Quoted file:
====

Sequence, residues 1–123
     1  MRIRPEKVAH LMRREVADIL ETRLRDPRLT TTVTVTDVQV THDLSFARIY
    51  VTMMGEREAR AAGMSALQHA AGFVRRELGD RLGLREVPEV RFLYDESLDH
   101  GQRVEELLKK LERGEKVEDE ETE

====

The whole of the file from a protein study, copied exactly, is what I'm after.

Sequence, residues 1–123
     1  MRIRPEKVAH LMRREVADIL ETRLRDPRLT TTVTVTDVQV THDLSFARIY
    51  VTMMGEREAR AAGMSALQHA AGFVRRELGD RLGLREVPEV RFLYDESLDH
   101  GQRVEELLKK LERGEKVEDE ETE